9 May 2013
15 April 2013
It seems that these two separate groups of people will never agree but neither is perfectly right. Companies such as Ann Summers and Dove have launched campaigns to celebrate ‘real women’ even stating that ‘real women have curves’, the problem with this is that, sure, some women do naturally have curves but also some women are naturally size zeros. So what does Dove mean with their slogan; are they claiming that naturally slim women are in fact not women at all? There has to be a middle ground.
Talking at a panel hosted by the National Eating Disorder Awareness Organisation model Crystal Renn, who made her name as a plus size model, argued that industry standard samples should be changed from a US size zero to a US size eight, or UK size 12. Renn argued that this change would give designers more freedom to be creative and highlighted Zac Posen in particular as one designer who has already embraced a wide variety of sized models.
The last decade in particular has been dominated with unrealistic portrayals of body images but it hasn’t always been the case. Women’s bodies have been the subject of much furore since as far back as we could tell. We take a retrospective look at the changing shape of shape in fashion from the 1920s to today.
Throughout history right up until the 1920s women’s figures were depicted as voluptuous with plump limbs that was thought to represent fertility and motherhood, both desirable qualities in women. Women wore corsets which were designed to enhance their femininity and hourglass figures but as the War approached more than just the landscape changed; women were put to work doing physically demanding work and poverty resulted in a shortage of food which led to a change in womens bodies. Slim boyish figures became more fashionable and the flapper style became in vogue; slim and slight with clothes that hung strait down rather than figure hugging.
It wasn’t until the 1950s that a more curvaceous shape came to be more popular again, with women such as Betty Page and Marilyn Monroe taking centre stage on television and film, the ‘pin up’ shape quickly became the rage with large busts and tiny waists. It was due to the Second World War that this hyper feminine, sexualised image of women became so popular with images of Pin-up girls being sent to the US troops as symbols of patriotism and good luck.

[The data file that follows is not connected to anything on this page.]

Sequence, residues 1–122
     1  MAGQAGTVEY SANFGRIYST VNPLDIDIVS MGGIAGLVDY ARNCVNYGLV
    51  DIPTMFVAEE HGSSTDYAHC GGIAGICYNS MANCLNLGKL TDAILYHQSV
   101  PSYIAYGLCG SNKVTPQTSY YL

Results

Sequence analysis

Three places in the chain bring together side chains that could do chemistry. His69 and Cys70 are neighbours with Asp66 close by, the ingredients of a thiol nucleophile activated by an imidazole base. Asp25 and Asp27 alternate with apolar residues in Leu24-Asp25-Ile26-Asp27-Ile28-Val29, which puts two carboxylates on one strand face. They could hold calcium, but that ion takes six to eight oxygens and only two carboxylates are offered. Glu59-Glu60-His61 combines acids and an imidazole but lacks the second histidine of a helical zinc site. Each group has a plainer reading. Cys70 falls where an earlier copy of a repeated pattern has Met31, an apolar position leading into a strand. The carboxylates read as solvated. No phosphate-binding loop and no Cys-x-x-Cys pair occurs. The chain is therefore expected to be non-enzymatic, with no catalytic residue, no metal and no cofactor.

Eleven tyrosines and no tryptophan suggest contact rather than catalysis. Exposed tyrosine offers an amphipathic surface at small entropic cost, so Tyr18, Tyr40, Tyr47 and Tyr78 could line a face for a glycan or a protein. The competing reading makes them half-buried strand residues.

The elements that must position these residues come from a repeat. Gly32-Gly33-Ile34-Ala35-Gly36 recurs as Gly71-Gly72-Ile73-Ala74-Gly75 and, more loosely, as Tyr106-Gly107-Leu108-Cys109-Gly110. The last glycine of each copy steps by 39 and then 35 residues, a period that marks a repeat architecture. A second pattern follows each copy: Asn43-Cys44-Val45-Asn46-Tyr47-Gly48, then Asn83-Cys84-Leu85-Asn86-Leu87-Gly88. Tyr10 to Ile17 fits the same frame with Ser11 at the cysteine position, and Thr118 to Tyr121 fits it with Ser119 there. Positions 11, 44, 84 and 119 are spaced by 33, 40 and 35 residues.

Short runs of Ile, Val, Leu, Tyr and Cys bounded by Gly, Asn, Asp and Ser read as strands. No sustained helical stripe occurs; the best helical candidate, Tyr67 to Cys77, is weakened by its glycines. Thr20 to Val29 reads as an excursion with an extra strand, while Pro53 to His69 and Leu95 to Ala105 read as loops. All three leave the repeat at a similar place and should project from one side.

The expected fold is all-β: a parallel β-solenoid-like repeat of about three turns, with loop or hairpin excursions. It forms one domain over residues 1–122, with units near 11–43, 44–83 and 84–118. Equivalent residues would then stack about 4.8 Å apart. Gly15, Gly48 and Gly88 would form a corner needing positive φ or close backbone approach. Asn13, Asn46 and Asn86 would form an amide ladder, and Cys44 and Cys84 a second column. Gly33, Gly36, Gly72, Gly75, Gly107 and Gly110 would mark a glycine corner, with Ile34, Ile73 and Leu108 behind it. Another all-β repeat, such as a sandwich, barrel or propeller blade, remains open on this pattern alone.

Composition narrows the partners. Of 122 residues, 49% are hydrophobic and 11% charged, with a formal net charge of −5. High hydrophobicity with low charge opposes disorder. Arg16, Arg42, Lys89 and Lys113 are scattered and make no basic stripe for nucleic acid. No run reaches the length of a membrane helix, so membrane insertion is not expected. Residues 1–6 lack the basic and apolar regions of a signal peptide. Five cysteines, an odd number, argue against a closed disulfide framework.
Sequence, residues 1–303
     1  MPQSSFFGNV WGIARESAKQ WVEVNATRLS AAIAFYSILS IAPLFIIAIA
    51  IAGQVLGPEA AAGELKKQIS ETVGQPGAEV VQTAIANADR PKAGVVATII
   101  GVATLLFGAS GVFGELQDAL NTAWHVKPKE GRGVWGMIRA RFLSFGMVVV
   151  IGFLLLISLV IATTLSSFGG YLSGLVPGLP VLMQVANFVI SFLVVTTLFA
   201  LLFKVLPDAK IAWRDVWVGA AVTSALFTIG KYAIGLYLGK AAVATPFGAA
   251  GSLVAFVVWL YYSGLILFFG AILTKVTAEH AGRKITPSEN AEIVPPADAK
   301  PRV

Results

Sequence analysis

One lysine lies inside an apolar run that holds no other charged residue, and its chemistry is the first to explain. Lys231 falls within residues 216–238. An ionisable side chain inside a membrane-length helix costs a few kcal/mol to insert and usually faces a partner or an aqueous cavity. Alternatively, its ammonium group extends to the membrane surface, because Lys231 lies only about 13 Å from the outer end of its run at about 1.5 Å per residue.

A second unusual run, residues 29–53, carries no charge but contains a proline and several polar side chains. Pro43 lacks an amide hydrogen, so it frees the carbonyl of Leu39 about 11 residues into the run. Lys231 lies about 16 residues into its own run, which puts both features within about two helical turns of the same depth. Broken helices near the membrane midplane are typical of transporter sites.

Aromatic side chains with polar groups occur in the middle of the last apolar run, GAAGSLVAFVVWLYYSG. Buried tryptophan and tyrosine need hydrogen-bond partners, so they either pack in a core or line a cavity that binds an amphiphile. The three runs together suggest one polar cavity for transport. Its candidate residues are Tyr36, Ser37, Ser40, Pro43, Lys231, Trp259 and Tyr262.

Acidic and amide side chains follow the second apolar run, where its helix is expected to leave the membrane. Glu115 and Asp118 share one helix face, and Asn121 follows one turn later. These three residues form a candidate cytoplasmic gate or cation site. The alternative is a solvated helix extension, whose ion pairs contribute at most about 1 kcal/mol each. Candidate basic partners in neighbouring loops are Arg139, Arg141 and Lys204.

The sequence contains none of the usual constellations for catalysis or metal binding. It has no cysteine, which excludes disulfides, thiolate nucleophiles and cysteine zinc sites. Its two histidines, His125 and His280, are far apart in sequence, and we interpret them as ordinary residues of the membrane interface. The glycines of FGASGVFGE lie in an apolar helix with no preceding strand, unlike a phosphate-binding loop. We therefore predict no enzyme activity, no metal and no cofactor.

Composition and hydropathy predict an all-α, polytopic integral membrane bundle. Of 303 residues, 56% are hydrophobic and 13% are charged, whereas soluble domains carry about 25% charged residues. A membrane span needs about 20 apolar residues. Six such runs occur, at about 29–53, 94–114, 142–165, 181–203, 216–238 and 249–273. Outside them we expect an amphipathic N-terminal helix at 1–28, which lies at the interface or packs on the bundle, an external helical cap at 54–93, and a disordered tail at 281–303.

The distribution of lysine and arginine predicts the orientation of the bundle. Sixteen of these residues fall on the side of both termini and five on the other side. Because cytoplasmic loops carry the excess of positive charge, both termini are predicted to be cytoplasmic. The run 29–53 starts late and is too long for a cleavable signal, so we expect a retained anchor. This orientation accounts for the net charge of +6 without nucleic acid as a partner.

Into the 1960s women’s shape seemed to revert to post war years infatuation with the waif like figures, women like Marianne Faithful and Twiggy bought back the boyish figure back into the forefront of fashion. The 1980s saw a rise in popularity of aerobics and fitness videos, Lycra was the material du jour and bodies became more toned and athletic looking, a generally healthier vision of the female body. However into the 90s the ‘heroin chic’ look took centre stage and an unhealthily slim frame became the desired body type. Since the 90s a less than svelte frame has more or less remained the fashionable weight since.
Ironically in times of poverty to be overweight suggested wealth and status as it implied that you had the money to eat well and likewise being slim inferred you were poor. In today’s society there has been a complete reverse in this as the rich can afford to hire personal trainers and cosmetic surgery to keep them looking slim whereas cheap food tends to be bad for you meaning that obesity is linked to the poorer classes.
But regardless of what you think women should look like is it really the fashion industries responsibility to look after us and protect us from eating disorders and body dismorphia? Why is it that society puts so much pressure on the fashion industry, more than any other, to be held accountable for what they do and how much responsibility should the industry actually take?